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    Biogen buys experimental Alzheimer’s disease drug from Pfizer


    Biogen buys experimental Alzheimer’s disease drug from Pfizer

    Biogen Inc. will buy an experimental Alzheimer’s disease drug from Pfizer Inc. for $75 million, plus additional future payments, extending its wager on therapies for the neurodegenerative condition. The drug, known as PF-05251749, will be developed to treat what’s known as sundowning in Alzheimer’s patients, a condition in which patients get more confused, aggressive, or restless as a day goes on. The drug will complement Cambridge-based Biogen’s experimental drug aducanumab, which is meant to treat the fundamental causes of Alzheimer’s. Along with the $75 million payment, Biogen said in a statement Monday that it will give Pfizer as much as $635 million depending whether the drug hits certain development and commercial milestones, plus sales royalties. Aducanumab, Biogen’s main bet on Alzheimer’s disease, has been colored by controversy. After the drug appeared to be a failure, Biogen announced last year that it had seen promising signs in a clinical trial that were enough to send the drug to US regulators for a potential approval for use in patients. — BLOOMBERG NEWS


    Wall Street trader placed on leave for using WhatsApp with work colleagues

    WhatsApp may be a great way to communicate with friends, but when Wall Streeters touch it, their firms get very nervous. One of JPMorgan Chase & Co.’s most senior credit traders, Edward Koo, has become the latest member of the industry swept up in concern over the messaging app. The veteran trader, who has spent almost 20 years at the firm, was placed on leave as the bank reviews whether he broke its policies by using WhatsApp group chats with colleagues, according to people with knowledge of the matter. The discussions included market chatter, and the probe so far hasn’t indicated any improper activity, according to a person familiar with the investigation. The bank hasn’t ruled out taking action against other members of the group, one of the people said. — BLOOMBERG NEWS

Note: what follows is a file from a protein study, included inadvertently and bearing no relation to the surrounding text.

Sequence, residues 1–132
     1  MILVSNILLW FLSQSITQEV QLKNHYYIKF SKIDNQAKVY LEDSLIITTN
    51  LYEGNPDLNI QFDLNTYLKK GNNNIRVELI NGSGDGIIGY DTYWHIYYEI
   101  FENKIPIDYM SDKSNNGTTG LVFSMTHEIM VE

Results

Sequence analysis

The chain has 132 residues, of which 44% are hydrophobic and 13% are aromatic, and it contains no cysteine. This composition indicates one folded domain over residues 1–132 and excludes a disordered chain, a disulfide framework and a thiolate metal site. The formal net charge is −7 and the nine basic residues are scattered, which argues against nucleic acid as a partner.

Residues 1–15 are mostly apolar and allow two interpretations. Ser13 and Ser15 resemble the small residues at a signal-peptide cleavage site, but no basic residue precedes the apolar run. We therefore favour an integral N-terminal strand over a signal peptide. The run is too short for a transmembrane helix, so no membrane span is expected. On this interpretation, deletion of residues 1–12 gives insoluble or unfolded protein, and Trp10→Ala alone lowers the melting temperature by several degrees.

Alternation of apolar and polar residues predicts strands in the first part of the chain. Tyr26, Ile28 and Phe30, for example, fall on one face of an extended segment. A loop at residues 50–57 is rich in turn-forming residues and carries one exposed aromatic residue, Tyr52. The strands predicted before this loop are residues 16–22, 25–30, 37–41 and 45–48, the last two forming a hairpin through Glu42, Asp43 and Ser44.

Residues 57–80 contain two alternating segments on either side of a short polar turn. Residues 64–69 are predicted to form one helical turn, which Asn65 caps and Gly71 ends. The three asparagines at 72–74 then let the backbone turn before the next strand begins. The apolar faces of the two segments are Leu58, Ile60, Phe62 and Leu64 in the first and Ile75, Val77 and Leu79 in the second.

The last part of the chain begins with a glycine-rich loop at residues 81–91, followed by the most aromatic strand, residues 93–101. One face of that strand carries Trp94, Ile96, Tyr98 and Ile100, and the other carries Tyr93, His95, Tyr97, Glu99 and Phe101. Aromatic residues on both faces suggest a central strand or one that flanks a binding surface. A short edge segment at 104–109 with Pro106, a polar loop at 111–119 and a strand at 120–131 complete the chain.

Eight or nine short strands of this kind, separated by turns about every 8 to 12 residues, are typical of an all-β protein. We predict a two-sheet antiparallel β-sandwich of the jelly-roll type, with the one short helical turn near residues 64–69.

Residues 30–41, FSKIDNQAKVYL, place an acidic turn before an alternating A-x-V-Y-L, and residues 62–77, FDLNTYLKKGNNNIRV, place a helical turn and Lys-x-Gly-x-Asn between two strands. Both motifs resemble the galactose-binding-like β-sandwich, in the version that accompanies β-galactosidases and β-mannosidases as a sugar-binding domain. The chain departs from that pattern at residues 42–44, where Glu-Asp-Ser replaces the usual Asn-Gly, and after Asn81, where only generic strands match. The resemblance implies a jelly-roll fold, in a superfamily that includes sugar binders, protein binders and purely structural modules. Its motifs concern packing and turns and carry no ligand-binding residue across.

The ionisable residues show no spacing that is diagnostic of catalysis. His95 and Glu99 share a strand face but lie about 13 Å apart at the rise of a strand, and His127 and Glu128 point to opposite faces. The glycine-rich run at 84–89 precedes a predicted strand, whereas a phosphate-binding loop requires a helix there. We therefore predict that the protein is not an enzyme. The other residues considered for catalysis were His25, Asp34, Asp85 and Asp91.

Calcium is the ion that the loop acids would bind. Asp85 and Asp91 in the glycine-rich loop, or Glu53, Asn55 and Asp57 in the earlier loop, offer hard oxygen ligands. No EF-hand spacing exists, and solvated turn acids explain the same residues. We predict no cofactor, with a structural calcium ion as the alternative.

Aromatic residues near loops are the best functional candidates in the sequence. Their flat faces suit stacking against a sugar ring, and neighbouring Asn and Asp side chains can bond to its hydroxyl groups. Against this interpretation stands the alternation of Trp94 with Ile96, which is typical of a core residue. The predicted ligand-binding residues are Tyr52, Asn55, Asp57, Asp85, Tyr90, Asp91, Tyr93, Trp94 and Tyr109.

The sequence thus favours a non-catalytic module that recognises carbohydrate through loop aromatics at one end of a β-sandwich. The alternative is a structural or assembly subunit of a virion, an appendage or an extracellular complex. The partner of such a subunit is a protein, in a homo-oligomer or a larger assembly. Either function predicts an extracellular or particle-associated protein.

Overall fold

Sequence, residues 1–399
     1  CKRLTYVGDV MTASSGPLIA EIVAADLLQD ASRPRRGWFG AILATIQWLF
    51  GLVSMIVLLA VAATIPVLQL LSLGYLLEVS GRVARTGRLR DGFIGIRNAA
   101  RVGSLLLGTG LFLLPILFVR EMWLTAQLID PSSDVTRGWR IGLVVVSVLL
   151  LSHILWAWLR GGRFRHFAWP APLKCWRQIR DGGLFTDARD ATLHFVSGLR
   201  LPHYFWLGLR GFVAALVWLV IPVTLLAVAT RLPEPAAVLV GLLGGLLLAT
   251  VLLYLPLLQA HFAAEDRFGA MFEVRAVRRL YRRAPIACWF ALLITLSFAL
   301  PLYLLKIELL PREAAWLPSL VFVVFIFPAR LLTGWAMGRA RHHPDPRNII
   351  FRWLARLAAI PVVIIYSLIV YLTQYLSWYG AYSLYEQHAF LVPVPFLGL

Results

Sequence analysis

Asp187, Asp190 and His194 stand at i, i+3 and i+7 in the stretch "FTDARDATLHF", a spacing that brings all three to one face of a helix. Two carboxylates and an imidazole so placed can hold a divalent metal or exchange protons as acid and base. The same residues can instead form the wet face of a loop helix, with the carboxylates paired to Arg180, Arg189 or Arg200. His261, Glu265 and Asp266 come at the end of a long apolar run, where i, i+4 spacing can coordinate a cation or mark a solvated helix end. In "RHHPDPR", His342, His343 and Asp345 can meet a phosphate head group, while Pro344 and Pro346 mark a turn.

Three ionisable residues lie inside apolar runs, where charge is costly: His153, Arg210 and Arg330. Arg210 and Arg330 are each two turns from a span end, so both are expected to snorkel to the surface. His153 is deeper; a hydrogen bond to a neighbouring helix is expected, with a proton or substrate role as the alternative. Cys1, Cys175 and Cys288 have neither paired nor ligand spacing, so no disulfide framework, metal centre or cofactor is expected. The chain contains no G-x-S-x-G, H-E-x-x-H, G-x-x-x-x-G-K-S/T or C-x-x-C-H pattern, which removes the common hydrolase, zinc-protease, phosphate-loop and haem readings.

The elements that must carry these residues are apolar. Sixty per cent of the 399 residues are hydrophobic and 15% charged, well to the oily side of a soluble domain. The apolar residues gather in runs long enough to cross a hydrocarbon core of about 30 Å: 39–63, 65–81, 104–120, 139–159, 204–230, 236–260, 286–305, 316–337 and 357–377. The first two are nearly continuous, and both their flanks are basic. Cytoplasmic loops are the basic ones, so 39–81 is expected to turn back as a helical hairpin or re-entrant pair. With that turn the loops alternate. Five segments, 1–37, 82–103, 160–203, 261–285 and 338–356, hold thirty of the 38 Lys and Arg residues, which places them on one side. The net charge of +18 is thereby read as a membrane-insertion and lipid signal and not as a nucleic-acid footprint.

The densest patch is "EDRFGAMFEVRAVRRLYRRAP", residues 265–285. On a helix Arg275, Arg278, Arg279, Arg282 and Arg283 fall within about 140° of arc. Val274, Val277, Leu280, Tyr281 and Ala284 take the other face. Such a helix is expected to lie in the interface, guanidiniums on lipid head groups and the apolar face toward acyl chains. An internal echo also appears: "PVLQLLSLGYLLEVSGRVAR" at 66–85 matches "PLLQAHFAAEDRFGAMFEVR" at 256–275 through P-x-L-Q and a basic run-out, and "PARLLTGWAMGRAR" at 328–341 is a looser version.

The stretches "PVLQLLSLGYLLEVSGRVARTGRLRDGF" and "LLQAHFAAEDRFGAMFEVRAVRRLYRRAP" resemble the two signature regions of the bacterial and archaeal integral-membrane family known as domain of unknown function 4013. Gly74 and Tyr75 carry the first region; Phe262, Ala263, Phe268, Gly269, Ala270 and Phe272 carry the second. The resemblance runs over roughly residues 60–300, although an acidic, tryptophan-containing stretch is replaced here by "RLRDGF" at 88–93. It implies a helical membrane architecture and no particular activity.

N.J. bill would provide protections to laid-off workers

    New Jersey state lawmakers approved a bill that would compel employers to give more notice and pay severance to laid-off workers, after a public backlash against the treatment of workers who lost their jobs in the retail apocalypse. The bill, which has been called the ‘‘Toys R Us bill’’ for workers of the retail chain that filed for bankruptcy in 2017, requires larger employers to pay workers one week of severance for each year of service. It also gives employees 90 days’ notice, rather than just 60 days, in the event of a mass layoff. It was approved 55-21. The bill, which only applies to employers with 100 or more full- or part-time workers laying off 50 or more people, was approved by the state’s Senate in December. It now goes to the desk of Governor Phil Murphy, a Democrat. — WASHINGTON POST


    Visa buys
    fintech company
    for $5.3 billion


    Visa is purchasing the financial technology company Plaid for $5.3 billion, a major push by the payment processor into other types of money transfer systems outside of credit and debit cards. Plaid allows consumers to link their bank accounts to financial services apps like Venmo, PayPal, Betterment, and Transferwise. The company is an important but relatively unknown middle man between the banks, who hold consumers’s cash, and the dozens of platforms who vie to be the platform of choice to that cash. In a statement, Visa estimates that one in every four Americans who have a bank account have used the underlying technologies of Plaid to link their bank accounts with other money transfer apps. — ASSOCIATED PRESS